Electronic Cigarettes Contain More Carcinogens than Regular Cigarettes


vaping photo

Electronic cigarettes, also known as e-cigarettes, may contain 10 times the amount of carcinogens when compared to regular tobacco, according to Japanese researchers. And even worse, they’re most popular among young people and those trying to quit smoking.

Electronic cigarette sales have blown through the roof, in fact, the industry hit $2 billion in 2013, tripling its figures from the year before. Some think that electronic cigarettes may actually surpass cigarettes in popularity within the next decade and that’s a big market to fill.

E-cigarettes work by heating a flavored liquid that contains nicotine into a vapor which is then inhaled–like cigarettes but without the smoke. Researchers have found that e-cigarettes may contain chemicals like formaldehyde, a known carcinogen used in building materials and embalming fluids.

“In one brand of e-cigarette the team found more than 10 times the level of carcinogens contained in one regular cigarette,” said researcher Naoki Kunugita to AFP, adding that the amount of formaldehyde detected varied through the course of analysis.

“Especially when the… wire (which vaporises the liquid) gets overheated, higher amounts of those harmful substances seemed to be produced.”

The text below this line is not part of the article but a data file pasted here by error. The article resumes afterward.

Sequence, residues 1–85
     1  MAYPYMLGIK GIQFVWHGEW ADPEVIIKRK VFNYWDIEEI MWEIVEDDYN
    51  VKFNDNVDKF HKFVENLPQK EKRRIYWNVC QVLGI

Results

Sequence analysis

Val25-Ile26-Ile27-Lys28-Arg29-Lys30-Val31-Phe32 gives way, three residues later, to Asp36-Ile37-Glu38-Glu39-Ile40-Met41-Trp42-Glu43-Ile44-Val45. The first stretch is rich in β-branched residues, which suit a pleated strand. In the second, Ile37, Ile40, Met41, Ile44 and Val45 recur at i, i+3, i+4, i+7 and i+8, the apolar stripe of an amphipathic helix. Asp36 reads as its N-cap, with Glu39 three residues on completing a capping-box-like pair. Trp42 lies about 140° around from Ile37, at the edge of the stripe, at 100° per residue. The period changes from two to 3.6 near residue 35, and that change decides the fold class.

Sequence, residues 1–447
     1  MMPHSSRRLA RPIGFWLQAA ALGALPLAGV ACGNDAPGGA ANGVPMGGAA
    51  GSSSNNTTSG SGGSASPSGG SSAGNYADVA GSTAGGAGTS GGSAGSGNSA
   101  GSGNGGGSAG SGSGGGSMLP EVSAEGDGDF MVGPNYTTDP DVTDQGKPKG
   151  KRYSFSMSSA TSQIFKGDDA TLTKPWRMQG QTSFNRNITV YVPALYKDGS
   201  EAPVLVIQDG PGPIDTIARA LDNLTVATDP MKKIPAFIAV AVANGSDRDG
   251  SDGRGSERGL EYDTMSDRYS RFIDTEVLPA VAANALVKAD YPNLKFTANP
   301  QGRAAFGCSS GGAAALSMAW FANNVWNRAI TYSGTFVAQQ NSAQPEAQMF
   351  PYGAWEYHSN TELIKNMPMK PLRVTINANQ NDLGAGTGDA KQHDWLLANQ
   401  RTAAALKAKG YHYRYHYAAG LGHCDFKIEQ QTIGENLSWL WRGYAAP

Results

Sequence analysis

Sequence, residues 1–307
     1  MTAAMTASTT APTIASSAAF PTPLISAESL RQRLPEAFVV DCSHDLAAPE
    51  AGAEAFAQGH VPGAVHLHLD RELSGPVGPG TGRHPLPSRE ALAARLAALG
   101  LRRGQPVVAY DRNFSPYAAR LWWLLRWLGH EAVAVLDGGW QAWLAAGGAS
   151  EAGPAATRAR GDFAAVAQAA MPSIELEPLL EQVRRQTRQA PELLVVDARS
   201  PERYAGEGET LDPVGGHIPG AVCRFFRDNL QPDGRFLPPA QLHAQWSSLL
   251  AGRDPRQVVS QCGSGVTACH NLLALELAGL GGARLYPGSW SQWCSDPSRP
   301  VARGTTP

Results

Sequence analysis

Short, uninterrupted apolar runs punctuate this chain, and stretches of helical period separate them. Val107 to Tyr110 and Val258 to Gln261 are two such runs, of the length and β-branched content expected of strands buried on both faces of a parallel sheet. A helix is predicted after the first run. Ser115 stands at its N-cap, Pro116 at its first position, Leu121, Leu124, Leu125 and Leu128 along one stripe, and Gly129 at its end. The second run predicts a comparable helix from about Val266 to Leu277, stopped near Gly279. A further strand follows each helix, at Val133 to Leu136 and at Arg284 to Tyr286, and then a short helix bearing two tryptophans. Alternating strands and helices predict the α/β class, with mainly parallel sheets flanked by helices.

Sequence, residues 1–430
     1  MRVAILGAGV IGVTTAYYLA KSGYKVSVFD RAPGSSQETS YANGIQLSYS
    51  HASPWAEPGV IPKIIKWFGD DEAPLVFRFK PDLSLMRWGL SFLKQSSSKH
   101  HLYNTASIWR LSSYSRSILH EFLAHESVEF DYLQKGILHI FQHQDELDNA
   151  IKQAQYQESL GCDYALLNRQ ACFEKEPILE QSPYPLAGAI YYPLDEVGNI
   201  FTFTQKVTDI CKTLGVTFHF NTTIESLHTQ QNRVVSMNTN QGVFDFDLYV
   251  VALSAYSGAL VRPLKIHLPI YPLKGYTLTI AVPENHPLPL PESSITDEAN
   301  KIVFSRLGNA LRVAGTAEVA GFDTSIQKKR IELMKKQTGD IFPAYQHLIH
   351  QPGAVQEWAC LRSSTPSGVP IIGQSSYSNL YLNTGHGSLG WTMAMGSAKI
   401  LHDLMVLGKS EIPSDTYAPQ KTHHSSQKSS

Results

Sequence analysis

Japan, like many other countries does not regulate e-cigarettes because so little is known about them. In the U.S., they’re also unregulated even though FDA is currently looking into them. Companies don’t have to list ingredients and some have been found to contain diethylene glycol, an ingredient found in antifreeze.

In August, the World Health Organization called for governments to ban the sale of e-cigarettes to minors warning of the risk to unborn children and young people. Additionally, a United Nations health body said they should be banned from public indoor spaces.

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Image: Monica Grigsby

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Sara Novak